Arab Spring activists honoured


The memory of the young Tunisian man who sparked the Arab Spring revolutions by setting himself on fire as a sign of protest was posthumously awarded the Sakharov Prize for Freedom of Thought today at the European Parliament in Strasbourg.

Four other Arab Spring activists were also honoured with the distinguished award for the decisive roles they have played in the various movements that swept through North Africa earlier this year.

The prize, which is named in honour of the Soviet physicist and political dissident Andrei Sakharov, has been awarded by the European Parliament every year since 1988.

Prior to speeches from the activists present to accept their awards, the parliament observed a minute's silence in memory of Mr Bouazizi, and of all those who lost their lives in the uprisings.

"By awarding the Sakharov Prize to the five Arab Spring activists, the European Parliament recognises the efforts of all those who struggle for dignity, basic freedoms and political change in the Arab world," the president of the European Parliament, Jerzy Buzek said this morning at the ceremony.

"The historical events also remind us of our responsibilities, including the need to support an emerging, young and vibrant civil society" and he underlined the "decisive role played by women during the Arab Spring," he added.

The winners expressed their gratitude for the prize as an important symbol of Europe's vital support during the Arab Spring uprisings. They also pointed to the human rights challenges that their countries still face in their efforts to rebuild and set up genuinely democratic regimes that respect justice and human dignity.

Only two of the laureates were able to attend the award ceremony in person, Asmaa Mahfouz, a young blogger from Egypt, and Ahmed El-Senussi, Libya's longest-serving prisoner of conscience, who spent over 30 years in jail as a prisoner of conscience under the rule of Muammar Gaddafy.

In her acceptance speech, Asmaa Mahfouz said: "This reward pays homage to all those people in Egypt who have been much more courageous than me and actually sacrificed their lives on the streets. I would like to tell you how proud I am for all the martyrs of Arab revolution. We will not betray them, we will follow the road."

Ahmed El-Senussi pointed to the importance of reconciliation: "We need to rebuild our country, showing tolerance even towards those who committed crimes, who violated human dignity." He thanked Libya's European neighbours, the first to go to Libya's aid, for their "unambiguous diplomatic and military support".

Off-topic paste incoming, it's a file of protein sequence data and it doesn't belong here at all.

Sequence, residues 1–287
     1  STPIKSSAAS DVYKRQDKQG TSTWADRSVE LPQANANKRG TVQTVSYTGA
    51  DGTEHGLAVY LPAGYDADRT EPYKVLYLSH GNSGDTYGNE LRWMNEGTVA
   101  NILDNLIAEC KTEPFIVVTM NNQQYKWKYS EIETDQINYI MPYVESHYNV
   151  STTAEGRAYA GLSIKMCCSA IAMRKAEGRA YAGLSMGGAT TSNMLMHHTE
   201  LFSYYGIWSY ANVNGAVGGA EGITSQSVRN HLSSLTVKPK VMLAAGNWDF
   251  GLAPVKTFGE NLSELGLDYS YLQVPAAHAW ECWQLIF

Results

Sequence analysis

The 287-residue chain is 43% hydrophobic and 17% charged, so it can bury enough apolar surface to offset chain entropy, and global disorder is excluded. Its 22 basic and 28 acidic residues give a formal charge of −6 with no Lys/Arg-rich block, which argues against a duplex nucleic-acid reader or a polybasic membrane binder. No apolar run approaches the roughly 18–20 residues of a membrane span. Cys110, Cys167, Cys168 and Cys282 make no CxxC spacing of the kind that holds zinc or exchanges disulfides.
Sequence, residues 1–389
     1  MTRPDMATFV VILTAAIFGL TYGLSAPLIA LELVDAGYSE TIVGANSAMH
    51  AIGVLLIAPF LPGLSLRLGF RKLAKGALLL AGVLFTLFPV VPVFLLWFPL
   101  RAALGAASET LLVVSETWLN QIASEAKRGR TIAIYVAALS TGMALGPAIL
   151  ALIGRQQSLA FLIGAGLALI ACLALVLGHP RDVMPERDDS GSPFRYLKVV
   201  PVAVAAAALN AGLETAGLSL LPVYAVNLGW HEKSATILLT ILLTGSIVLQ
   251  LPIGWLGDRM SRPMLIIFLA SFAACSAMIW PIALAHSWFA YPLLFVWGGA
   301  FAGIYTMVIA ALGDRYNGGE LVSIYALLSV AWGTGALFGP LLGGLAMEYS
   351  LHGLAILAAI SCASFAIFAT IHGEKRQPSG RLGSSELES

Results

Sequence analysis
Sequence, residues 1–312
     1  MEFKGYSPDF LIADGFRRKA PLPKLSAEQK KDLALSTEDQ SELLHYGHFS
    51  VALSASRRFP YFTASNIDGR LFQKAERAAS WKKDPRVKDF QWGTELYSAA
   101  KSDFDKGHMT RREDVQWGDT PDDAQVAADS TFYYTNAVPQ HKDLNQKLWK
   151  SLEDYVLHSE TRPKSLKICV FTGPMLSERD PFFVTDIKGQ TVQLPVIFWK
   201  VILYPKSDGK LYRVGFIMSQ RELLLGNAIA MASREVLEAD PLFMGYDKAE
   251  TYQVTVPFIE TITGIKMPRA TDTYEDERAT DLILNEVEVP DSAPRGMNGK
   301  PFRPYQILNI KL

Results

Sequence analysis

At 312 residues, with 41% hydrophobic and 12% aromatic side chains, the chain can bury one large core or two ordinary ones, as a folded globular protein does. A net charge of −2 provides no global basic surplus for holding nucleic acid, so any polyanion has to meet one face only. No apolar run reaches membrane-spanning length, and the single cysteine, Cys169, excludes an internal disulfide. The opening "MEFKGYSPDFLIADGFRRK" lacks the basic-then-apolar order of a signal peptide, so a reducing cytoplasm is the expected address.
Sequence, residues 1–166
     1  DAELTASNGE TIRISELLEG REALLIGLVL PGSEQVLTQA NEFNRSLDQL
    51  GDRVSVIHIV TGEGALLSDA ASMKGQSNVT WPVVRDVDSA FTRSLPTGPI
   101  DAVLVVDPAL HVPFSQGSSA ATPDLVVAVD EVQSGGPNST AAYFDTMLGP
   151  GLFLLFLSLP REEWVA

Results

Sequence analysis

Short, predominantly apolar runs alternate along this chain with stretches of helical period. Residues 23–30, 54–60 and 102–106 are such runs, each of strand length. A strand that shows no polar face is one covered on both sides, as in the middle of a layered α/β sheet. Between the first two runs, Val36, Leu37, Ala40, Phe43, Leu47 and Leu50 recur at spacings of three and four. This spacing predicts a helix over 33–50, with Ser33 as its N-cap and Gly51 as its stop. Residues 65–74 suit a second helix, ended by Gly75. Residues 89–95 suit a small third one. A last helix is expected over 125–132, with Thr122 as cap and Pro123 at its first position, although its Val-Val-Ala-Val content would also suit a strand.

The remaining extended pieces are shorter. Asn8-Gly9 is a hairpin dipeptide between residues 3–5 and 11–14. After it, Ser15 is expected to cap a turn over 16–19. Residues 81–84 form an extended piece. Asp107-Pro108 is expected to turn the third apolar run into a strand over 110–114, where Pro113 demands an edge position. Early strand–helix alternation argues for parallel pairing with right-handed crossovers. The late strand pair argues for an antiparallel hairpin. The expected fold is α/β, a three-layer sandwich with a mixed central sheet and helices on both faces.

The Syrian cartoonist, Ali Ferzat, who is exiled in Kuwait, send a video message in which he voiced his gratitude for the prize and also his grief and sorrow at the number of victims in his home country Syria which "increases with every minute".

Syrian human rights lawyer Razan Zaitouneh, was forced to only send a letter of thanks for the award as she is currently in hiding after Syrian police arrested her husband and brother.

2011 Sakharov prize laureates

Ms Asmaa Mahfouz

Asmaa Mahfouz is a young Egyptian blogger whose YouTube videos brought thousands of people onto the streets to protest against the repressive regime of former president Hosni Mubarak.

Mr Ahmed El-Senussi

Ahmed El-Senussi was Libya's longest-serving prisoner of conscience, detained for 31 years following an attempted coup against the former dictator Gaddafy.

Mr Mohamed Bouazizi

Mohammed Bouazizi was a young street salesman whose self-immolation sparked widespread protests within hours that finally led to the fall of the Tunisian regime.

Mr Ali Ferzat

Ali Ferzat is a Syrian cartoonist known for his caricatures ridiculing Arab dictators. He fled Syria after he was attacked in August and had both his hands broken.

Mrs Razan Zaitouneh

Razan Zaitouneh is a human rights lawyer from Syria who went into hiding after being accused by the government of being a foreign agent because of her daily reports on her website ShRIL and to foreign media of the atrocities against civilians in Syria.